Your website is one of your business’s most valuable assets. It has the potential to bring in new customers and new opportunities – but to do that effectively you need to keep it in good shape.

Use the 10 points below to work out where your website is on top form and which areas could use a little TLC.

Is your website doing its job?

I like to think of a website as a member of the team. You wouldn’t employ somebody without thinking about what you wanted them to do – and the same is true for your website.

1. Are you clear about the main thing you want people to do when they visit your website?

E.g. I want them to sign up for my email list, I want them to book a table, I want them to read my latest blog post.

This first point might seem a bit obvious but knowing why you want people to visit your website and what you want them to do when they get there underpins all the work you can do to improve your website.

You need to get super clear on the ‘why’ before we can talk about the ‘how’.

2. Do you know how many people visit your website each week and how many of them take the action(s) described in 1?

If you want to improve your results and get the best from your website, you need to know what’s happening. I recommend Google Analytics for tracking your website statistics.

Get the basics right

3. Is your website responsive (mobile-friendly)?

The number of people accessing your website via their mobile phone is likely to be upwards of 50% whatever industry you are in so it’s important that it works well on mobile (and tablet) as well as desktop. (If you’ve got Google Analytics set up you can find out exactly what devices your audience are using.)

The best way to check this is to get your phone out and look at your website. Does is look right? Is it easy to use?

Useful tool: Google’s Mobile Friendly Test

4. Is your website fast?

What counts as ‘fast’ is quite subjective but what you can guarantee is that most people will not wait around for a slow website. You can use the free tool below to get a time for your website.

I’ve heard 1.5 seconds as a recommended max time, which can be hard to achieve. The faster the better of course, but give yourself a tick if you come in at under 3 seconds.

Pingdom website speed test

5. Is your website is up-to-date?

This question refers to the content, not the technology. Does the header on your home page say Happy New Year in April? Are you advertising summer specials in the midst of winter? Is your events page stuck in 2015? Out of date websites are a big turn-off.

6. Is your website safe and secure?

It’s hard to give a clear cut yes or no when it comes to security, it’s a matter of degree, but here are a few points to guide you:

  • If you use one of the well-known hosted website providers like Shopify then you should be okay (as long as you haven’t used an obvious password!).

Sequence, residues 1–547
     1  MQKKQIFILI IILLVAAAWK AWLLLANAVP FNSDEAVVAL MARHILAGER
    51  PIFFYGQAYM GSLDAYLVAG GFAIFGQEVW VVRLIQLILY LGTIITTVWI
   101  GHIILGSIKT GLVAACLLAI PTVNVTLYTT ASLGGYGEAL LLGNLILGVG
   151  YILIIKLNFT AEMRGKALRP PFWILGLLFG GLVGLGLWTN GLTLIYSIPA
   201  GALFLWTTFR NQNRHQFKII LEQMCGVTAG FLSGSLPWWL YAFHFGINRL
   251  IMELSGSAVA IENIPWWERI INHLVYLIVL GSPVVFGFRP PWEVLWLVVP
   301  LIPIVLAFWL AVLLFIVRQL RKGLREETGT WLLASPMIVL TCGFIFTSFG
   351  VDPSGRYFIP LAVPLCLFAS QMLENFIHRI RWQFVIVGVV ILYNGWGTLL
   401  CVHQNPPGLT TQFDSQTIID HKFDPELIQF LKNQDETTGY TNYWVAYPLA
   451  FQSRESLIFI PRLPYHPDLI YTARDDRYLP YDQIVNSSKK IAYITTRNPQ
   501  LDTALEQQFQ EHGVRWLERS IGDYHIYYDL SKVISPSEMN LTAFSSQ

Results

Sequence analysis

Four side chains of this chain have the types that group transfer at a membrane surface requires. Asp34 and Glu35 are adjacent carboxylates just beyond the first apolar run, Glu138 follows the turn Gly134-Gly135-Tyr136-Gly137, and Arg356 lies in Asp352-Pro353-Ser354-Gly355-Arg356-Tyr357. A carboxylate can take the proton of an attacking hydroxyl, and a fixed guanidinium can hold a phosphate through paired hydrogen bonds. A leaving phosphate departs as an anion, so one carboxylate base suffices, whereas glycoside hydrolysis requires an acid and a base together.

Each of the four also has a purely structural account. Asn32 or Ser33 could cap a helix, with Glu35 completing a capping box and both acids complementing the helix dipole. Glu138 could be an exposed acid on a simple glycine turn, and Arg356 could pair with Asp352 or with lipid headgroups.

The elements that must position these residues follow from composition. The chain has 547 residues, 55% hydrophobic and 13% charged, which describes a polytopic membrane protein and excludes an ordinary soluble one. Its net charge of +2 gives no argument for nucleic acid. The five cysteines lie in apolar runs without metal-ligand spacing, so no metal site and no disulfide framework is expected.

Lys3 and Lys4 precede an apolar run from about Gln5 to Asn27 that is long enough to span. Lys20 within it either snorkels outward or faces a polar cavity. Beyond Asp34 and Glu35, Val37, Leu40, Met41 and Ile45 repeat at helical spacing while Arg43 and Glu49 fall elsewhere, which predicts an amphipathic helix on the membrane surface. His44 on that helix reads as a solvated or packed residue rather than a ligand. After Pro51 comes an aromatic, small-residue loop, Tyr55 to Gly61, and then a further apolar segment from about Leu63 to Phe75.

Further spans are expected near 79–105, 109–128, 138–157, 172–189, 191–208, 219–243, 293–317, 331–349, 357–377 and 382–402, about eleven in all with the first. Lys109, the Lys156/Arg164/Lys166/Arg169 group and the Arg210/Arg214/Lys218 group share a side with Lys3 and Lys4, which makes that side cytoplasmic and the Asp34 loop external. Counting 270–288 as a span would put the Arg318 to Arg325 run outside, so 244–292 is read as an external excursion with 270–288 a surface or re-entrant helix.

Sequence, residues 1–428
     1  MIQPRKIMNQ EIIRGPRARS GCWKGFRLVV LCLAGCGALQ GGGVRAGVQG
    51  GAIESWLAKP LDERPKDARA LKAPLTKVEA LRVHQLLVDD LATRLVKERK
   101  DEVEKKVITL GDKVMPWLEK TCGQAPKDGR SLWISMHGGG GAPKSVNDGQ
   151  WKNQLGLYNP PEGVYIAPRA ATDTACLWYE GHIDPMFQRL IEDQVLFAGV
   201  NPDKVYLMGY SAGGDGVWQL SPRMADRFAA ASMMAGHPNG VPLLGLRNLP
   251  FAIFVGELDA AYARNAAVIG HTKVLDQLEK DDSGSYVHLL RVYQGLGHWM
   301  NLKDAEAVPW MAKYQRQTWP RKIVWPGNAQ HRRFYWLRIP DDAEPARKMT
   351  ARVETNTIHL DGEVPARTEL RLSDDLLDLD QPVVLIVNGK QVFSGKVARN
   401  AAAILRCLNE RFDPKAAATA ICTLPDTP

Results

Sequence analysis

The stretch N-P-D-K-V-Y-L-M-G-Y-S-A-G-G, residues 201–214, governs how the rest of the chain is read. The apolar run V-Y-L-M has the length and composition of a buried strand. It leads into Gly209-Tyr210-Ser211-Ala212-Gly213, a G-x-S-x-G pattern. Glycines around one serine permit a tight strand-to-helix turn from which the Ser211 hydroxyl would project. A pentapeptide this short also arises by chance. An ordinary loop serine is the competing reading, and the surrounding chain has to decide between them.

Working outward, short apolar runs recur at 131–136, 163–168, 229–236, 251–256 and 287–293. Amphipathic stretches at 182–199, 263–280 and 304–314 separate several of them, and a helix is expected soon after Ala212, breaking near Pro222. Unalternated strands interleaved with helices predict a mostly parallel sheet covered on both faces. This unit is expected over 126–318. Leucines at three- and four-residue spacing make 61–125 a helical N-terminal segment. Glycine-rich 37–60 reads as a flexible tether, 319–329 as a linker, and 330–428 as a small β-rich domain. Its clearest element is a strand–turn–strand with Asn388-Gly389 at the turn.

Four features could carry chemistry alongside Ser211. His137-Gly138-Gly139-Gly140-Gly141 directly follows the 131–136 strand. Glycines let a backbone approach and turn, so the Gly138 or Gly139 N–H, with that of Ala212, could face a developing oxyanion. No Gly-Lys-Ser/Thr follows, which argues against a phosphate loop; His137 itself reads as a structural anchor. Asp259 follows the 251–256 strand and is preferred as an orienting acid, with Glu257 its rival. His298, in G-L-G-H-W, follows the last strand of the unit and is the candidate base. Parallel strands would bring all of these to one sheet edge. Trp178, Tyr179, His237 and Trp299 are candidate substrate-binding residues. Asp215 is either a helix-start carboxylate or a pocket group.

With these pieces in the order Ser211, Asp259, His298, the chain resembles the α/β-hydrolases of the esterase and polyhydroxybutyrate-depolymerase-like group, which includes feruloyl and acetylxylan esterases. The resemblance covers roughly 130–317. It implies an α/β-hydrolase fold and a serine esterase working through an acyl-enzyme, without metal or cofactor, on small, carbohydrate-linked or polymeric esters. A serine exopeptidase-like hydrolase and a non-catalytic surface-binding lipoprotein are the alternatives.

• If your website is regularly maintained, you take regular back-ups and you know you have put things in place to protect it then the answer is probably yes.
  • If you aren’t sure then answer ‘no’ because it’s a good idea to at least review it.

Improving results

7. Is your websites easy to find?

This is related to how well you rank in search results. Try some searches* on your company name or brand and your main services and location and see where you rank.

* Search results are personalised so to get more objective results you should do your searches using a ‘private browsing’ window (or ‘incognito window’ on Chrome).

8. Are there good reasons for people to visit your website?

Off the top of your head can you list 2-3 reasons for people to visit your website? E.g. information about your services, entertaining blogs posts, useful articles, inspiration.

9. Is your website easy to navigate?

Try to look at your website with fresh eyes. Are things easy to find? Is the menu layout clear (on mobile as well as desktop)? Is there a search box? It can also be useful to ask a couple of your customers how easy they find it to use.

10. Does each page on your website serve a clear purpose?

Look through them. Do they? Ask yourself what you want people to do on every page. Do you make it easy for them to do that? Again, you could ask some other people.

How did you website score?

Whatever the score, well done! You’ve now got a plan for making improvements 🙂

I purposely put the points in what I judge to be their order of importance. So, start from the top and work through any you answered ‘No’ to and make improvements, one thing at a time.

For example, if the first question you answered ‘No’ to was number 3 then your first job is to improve your website so it is mobile-responsive.

Take the improvements one step at a time like this and you can avoid overwhelm while knowing that you’re always working on the most important thing.

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